After more than a decade standing vacant, the former campus of Nielsen Media Research in Dunedin is getting a spice of life.
Nielsen moved out of the 23-acre site in 2005, taking with it 1,600 employees who covered two shifts. Businesses along Patricia Avenue in the Pinellas County city were left hoping for something to quickly fill the site that used to be the area's anchor.
That didn't happen. Nielsen sold the property to developer Grady Pridgen in 2005. Wells Fargo then seized the still-vacant property in 2009 after the company defaulted on its loan.
Zoned as industrial land, the city continued to encourage a new business to move to the space. “It was one of the things that kept coming back to haunt us,” says Robert Ironsmith, Dunedin's economic and housing development director.
For eight years the property sat without any movement, waiting for a big company to come along and fill the void. “It was a barren piece of property,” Ironsmith says. Over the years, the city moved through plans from six developers with different ideas. Primerica Group One was the city's seventh candidate.
“Most commercial developers have been aware of the Nielsen property for some time — it's a rather large property,” says Lou Fabrizio of Primerica One Group. Though his company had looked at the property a few different times, “the market wasn't there given the use allowed,” he says.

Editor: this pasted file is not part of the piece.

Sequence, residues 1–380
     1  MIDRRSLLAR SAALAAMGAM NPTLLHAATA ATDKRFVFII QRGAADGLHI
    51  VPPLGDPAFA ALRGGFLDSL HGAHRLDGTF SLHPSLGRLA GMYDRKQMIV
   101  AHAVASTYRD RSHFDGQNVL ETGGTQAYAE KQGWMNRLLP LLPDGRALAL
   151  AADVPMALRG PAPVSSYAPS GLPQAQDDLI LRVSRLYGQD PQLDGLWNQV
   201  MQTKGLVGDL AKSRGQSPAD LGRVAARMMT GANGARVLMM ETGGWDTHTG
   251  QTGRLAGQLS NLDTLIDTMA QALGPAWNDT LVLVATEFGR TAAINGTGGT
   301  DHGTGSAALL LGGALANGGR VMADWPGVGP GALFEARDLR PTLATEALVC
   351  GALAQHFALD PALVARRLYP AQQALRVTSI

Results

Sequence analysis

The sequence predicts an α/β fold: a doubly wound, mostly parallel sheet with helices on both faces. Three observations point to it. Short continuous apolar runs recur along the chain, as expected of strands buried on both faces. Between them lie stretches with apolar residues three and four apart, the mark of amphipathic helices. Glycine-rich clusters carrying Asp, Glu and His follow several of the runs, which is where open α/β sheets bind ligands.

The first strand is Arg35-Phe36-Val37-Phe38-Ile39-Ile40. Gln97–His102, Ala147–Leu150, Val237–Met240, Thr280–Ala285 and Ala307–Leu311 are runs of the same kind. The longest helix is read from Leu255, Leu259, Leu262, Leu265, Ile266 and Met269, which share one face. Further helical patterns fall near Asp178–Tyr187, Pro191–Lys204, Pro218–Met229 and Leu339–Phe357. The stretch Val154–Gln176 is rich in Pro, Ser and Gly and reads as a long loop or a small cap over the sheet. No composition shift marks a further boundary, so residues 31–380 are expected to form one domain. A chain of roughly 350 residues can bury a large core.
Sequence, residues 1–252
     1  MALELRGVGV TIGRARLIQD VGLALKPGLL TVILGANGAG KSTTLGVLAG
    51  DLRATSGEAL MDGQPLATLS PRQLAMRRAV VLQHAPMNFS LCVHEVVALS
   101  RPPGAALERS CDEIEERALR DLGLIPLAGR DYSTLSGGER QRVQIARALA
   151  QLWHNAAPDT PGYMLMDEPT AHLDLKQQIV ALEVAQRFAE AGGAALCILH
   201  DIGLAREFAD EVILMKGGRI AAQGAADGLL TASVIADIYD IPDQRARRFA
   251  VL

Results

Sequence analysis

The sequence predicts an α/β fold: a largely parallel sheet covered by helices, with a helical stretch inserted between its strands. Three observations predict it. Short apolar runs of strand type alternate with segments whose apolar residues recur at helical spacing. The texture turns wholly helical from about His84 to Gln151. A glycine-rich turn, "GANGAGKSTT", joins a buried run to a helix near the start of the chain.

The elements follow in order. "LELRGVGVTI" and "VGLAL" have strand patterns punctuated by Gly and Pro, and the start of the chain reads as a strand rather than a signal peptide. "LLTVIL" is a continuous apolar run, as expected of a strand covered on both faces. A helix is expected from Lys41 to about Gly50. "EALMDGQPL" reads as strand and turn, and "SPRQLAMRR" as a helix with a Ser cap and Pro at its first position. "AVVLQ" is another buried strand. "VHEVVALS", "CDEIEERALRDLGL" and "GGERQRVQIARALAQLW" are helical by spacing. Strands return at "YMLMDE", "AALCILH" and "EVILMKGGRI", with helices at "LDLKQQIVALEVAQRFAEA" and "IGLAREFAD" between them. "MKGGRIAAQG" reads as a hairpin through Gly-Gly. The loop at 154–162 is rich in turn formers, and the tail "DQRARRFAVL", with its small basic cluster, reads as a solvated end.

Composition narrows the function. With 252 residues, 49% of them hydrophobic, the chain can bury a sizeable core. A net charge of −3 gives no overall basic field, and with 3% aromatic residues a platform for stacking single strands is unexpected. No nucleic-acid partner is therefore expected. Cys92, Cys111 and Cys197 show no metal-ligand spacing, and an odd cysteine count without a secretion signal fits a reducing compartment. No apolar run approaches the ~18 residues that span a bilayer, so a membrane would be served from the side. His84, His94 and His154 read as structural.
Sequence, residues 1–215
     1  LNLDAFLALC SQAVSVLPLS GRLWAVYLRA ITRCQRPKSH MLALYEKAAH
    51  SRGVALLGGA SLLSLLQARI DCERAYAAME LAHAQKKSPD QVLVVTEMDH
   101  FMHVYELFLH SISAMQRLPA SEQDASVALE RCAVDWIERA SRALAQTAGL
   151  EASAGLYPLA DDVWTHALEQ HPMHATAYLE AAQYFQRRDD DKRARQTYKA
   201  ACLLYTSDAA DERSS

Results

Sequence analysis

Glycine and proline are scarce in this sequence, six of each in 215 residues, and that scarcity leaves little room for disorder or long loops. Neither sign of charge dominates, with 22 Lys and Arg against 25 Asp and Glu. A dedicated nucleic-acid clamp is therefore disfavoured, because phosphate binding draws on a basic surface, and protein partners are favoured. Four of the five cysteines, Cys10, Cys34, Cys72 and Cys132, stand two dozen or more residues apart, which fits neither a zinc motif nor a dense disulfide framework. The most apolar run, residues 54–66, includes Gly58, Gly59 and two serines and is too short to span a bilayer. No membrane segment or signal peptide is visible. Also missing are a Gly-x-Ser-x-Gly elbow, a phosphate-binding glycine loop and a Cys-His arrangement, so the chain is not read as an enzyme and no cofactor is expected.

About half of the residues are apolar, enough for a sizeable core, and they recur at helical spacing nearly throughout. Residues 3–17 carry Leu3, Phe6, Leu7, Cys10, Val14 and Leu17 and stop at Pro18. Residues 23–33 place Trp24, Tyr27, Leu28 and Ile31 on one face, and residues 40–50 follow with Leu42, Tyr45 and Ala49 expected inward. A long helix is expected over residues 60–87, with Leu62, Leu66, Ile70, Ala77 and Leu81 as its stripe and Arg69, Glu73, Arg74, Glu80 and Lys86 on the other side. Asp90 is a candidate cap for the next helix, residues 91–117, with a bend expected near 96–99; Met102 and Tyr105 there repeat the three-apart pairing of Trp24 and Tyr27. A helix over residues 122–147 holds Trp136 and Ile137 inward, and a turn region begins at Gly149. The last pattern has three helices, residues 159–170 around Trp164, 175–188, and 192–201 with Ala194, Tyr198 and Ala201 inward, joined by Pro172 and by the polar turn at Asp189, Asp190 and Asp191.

But in 2014, the city approved the bank's request to rezone the land as multiuse. Primerica jumped on it.
In 2015, the group came to the city with a plan for a $50 million project called the Dunedin Commons that would include apartments, townhomes, retail and office space. “It was really what the market was crying for,” Fabrizio says. “Dunedin hasn't had a new large multifamily development in 15 to 20 years.”
A Primerica feasibility study came back even stronger than expected. “It put the wind in our sails,” Fabrizio adds. Both the demand for rentals and the comparable rental rates for the area provided the support they needed.
The city also provided an incentive for the project — a $150,000 grant over five years and one acre worth $33,000, according to Ironsmith. The return on the investment is worth it, Ironsmith adds. For each dollar, the city expects to see $11 in return.
The groundbreaking for the site occurred in mid-December. It has expanded to be a $60 million project, with the luxury apartments a $40 million project itself, not to mention the expansion of the city's tax base, Fabrizio says.
Primerica sold the five acres on the east side of the project to Beazer Homes to sell townhomes. The developer is also building 280 apartments on the main parcel, and 8,000 square feet of retail space. There's an additional 4.1 acres open for office use development.
The retail part of the project is easy for Primerica. “Retail is our mainstay,” Fabrizio says. Though it's a little early to start leasing, the company has good relationships with the brokers for the community, and will soon start contacting potential tenants. Primerica aims to have those users active when the units and space are ready at the end of the year.
The company is now going to focus on aggressively marketing the office portion of the project, selling the site to a user and building it to suit their needs. “The office portion is still a mystery,” Fabrizio says.
The most exciting part of the project is the impact it will make on the surrounding community, Fabrizio says. “The economic impact from the new residents to the area and the velocity of the project itself ... the restaurants are already feeling the impact,” he says. Construction workers have already started to fill the local lunch spots.
City officials hope the project will help spur redevelopment along Patricia Avenue, and serve as a catalyst for the whole area, Ironsmith says. “It's a great success story of perseverance.”